The overthrow of governments by force is a setback not only for the country that suffers it and has to watch armed forces do away with democratic rule; it is also a setback for a whole region, which cannot be allowed to happen. When an elected president, without formally being charged with a crime and without the opportunity to face his accusers, is taken away by military forces and exiled to another country, it is hard to argue that anything other than a coup has taken place. Many of us still recall the tanks in the streets, the shootings, and presidents thrown into exile, the violation of human rights, and above all, the sensation of loss and impotence that follow the imposition of force over reason.

The political progress and regional stability that many member states have worked diligently to secure during the last few decades can not be allowed to be thwarted by politicians and generals who unilaterally and unconstitutionally act to unlawfully depose elected leaders. Such actions are simply unacceptable in a century marked by democratic civility and the rule of law. When a coup occurs, the first thing you have to do is to denounce it as a very serious crime. That is exactly what we did, first in the Permanent Council on the same day of the coup, and later in our Special General Assembly, which started on June 30th and reconvened on the 4th of July. We condemned the coup without any qualifications and with the agreement of all OAS member states. We moved swiftly to make sure that nobody would recognize the presumptive government of Roberto Micheletti and we were completely successful in that. The result of this swift action was that no government or institution in the global community has recognized the de facto undemocratic government of Micheletti. By the way, we were not the first to do this; the European Union condemned the coup and called for the restoration of democracy in Honduras before we did.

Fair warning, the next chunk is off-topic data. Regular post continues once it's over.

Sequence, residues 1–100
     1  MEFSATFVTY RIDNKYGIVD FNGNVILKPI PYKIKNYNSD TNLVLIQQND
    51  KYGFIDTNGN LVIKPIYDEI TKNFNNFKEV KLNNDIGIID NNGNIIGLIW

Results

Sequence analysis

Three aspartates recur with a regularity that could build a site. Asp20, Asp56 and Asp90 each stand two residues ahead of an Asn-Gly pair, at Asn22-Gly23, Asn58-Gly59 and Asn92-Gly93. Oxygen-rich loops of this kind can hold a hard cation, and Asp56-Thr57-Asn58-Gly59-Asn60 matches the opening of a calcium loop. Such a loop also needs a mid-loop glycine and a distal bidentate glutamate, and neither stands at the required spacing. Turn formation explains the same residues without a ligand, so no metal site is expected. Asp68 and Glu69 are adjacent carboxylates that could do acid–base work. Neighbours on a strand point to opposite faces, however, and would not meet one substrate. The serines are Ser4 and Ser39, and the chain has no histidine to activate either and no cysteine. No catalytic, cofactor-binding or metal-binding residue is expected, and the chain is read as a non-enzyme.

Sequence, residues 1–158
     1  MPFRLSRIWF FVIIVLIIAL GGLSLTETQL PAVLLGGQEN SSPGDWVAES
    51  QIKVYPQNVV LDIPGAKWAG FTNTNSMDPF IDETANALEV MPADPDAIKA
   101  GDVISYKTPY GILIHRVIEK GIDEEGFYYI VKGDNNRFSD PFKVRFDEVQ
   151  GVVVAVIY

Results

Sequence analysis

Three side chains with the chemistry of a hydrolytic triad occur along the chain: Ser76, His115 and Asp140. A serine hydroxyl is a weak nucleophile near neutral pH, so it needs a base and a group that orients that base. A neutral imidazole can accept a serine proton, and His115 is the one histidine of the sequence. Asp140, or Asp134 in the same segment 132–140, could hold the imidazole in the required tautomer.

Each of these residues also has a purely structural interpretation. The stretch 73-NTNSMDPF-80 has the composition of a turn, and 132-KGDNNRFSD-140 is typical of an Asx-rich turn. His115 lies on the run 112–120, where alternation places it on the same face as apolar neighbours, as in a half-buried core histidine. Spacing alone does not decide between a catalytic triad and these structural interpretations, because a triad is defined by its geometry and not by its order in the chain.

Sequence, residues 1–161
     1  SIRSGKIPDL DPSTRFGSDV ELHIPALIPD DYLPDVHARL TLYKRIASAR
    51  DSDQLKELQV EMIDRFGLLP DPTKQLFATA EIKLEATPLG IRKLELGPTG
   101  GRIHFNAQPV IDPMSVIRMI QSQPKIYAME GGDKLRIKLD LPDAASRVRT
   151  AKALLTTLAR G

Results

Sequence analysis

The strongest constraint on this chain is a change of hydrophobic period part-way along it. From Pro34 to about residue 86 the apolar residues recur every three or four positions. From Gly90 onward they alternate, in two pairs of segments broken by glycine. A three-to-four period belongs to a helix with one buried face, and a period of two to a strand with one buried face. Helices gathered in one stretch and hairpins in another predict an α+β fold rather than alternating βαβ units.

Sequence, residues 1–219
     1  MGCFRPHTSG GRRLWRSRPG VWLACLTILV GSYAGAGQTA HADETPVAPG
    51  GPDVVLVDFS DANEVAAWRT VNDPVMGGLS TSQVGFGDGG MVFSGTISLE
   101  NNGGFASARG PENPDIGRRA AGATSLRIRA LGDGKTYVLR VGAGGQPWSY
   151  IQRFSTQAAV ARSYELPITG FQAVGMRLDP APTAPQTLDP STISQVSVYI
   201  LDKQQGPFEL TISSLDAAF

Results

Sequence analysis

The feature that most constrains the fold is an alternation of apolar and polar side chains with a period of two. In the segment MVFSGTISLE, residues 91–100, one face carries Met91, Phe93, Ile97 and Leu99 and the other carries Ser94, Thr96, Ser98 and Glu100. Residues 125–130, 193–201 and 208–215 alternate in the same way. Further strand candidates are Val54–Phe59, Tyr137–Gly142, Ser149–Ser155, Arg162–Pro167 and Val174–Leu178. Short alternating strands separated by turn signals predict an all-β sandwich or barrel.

Thanks to this global condemnation and pressure, the opposing sides of the current crisis in Honduras have been pushed to negotiate—albeit somewhat reluctantly—and are now analyzing the “San José proposal” resulting from the dedicated multilateral efforts of the international community. This proposal offers a path to reconciliation absent of violent conflict and provides opportunities to strengthen democracy in the Central American nation.

I have often said that challenging times call for a greater reliance on fundamental principles. The coup d’état in Honduras presented the international community with an extraordinary challenge. Either the member states of the OAS turn a blind eye to the military ousting of a democratically elected head of state, or the region coalesce to deliver an unequivocal statement in defense of democracy. Without hesitation, and in full consensus, the democratic states of the Americas –without exception or abstentions- came together to condemn the coup, invoke the Inter-American Democratic Charter, and suspend Honduras from the hemispheric body until a democratic resolution is implemented.

The response of the entire Hemisphere underscores the renewed, robust, and unwavering spirit of multilateral cooperation and dialogue that has characterized the region in addressing this crisis. The “San José proposal” was made possible on the basis and principle of multilateralism, one of the leading tools available to the international community to help nations substantiate and strengthen democracy.

The Organization led the way in responding to the coup, debated the issue, discussed the options, developed a consensus position, and applied the duly required actions in a consistent, reasoned, irrevocable and unanimous position.

It was an immediate multilateral reaction, which was widely supported by the broader international community including the United Nations and the European Union. Ultimately no country in the world has recognized the interim regime, and all have supported the efforts to return the democratically elected president Zelaya to office.

While a number of hurdles remain to a final reconciliation, it is clear that there is only one path for Honduras to return to our community of nations. Collectively, the region’s nations will continue to apply pressure on both sides towards this objective. The foundation of democracy must continue to be consolidated and strengthened.